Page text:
The shot noise, line edge roughness (LER) and quantum efficiency of EUV interaction with seven resists related to EUV-2D (SP98248B) are studied. These resists were identical to EUV-2D except were prepared with seven levels of added base while keeping all other resist variables constant. These seven resists were patterned with EUV lithography, and LER was measured on 100-200 nm dense lines. Similarly, the resists were also imaged using DUV lithography and LER was determined for 300-500 nm dense lines. LER results for both wavelengths were plotted against Esize. Both curves show very similar LER behavior-the resists requiring low doses have poor LER, whereas the resists requiring high doses have good LER. One possible explanation for the observed LER response is that the added base improves LER by reacting with the photogenerated acid to control the lateral spread of acid, leading to better chemical contrast at the line edge.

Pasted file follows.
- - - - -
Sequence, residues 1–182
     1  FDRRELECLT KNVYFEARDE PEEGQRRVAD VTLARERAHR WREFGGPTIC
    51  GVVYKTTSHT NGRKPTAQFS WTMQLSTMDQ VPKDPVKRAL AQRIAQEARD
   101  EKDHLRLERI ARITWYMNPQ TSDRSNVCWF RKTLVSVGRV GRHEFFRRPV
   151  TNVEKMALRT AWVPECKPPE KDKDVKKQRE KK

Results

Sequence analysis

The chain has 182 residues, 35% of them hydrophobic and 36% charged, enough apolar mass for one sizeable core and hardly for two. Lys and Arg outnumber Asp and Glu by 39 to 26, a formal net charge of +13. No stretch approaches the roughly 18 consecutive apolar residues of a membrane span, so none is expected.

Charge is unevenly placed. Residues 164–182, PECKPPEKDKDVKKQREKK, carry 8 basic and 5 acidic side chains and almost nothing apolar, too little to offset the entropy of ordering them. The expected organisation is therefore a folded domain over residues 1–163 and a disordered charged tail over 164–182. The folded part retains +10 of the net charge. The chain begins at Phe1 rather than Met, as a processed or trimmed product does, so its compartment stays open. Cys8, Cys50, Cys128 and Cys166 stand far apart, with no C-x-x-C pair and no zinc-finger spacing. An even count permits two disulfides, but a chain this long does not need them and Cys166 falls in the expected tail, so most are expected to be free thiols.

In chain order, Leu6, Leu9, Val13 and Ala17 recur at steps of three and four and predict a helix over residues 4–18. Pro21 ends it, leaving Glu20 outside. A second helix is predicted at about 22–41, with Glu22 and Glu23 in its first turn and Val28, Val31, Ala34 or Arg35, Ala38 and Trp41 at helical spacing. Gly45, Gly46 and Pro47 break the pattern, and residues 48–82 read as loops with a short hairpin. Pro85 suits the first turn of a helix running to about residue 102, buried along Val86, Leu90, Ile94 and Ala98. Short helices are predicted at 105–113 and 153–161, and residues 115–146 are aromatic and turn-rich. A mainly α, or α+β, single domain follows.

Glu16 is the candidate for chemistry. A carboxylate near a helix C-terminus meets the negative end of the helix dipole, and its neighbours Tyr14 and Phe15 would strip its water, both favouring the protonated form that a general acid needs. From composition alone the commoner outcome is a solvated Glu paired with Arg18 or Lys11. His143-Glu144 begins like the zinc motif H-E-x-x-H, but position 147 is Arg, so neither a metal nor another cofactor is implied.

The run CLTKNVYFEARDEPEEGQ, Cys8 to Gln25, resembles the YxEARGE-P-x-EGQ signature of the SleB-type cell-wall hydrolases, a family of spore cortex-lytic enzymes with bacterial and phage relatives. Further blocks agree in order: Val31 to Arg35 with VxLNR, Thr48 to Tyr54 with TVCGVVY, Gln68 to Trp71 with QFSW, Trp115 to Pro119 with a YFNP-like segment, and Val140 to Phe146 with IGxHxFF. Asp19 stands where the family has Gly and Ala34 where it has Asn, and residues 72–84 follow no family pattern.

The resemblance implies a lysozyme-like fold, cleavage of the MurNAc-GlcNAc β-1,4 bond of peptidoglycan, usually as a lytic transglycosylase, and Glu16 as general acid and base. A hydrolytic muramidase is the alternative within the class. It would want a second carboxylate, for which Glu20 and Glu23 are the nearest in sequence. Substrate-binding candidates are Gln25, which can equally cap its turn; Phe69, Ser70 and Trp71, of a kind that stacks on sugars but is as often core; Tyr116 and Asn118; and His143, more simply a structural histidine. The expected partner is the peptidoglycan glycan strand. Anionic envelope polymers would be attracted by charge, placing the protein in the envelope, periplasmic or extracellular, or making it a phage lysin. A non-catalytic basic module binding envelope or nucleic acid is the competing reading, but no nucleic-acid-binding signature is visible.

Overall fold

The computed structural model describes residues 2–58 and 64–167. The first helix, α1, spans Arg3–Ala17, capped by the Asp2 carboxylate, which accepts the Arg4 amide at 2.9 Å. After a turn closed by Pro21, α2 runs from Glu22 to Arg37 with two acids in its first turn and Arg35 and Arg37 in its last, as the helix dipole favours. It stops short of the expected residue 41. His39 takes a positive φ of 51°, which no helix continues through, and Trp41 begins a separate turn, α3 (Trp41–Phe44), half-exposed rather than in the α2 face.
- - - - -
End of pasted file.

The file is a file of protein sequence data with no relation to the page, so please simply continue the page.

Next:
An alternative explanation to the observed relationship between LER and Esize is that shot-noise generated LER decreases as the number of photons absorbed at the line edge increases. We present an analytical model for the influence of shot noise based on Poisson statistics that preidicts that the LER is proportional to (Esize)-1/2. Indeed, both sets of data give straight lines when plotted this way (DUV r2 = 0.94; EUV r2 = 0.97). We decided to further evaluate this interpretation by constructing a simulation model for shot noise resulting from exposure and acid diffusion at the mask edge. In order to acquire the data for this model, we used the base titration method developed by Szmanda et al. to determine C-parameters and hence the quantum efficiency for producing photogenerated acid. This information, together with film absorptivity, allows the calculation of number and location of acid molecules generated at the mask edgte by assuming a stochastic distribution of individual photons corresponding to the aerial image function. The edge "roughness" of the acid molecule distribution in the film at the mask edge is then simulated as a function of acid diffusion length and compared to the experimental data. In addition, comparisoins between of the number of acid molecules generated and photons consumed leads to values of quantum efficiencies for these EUV resists.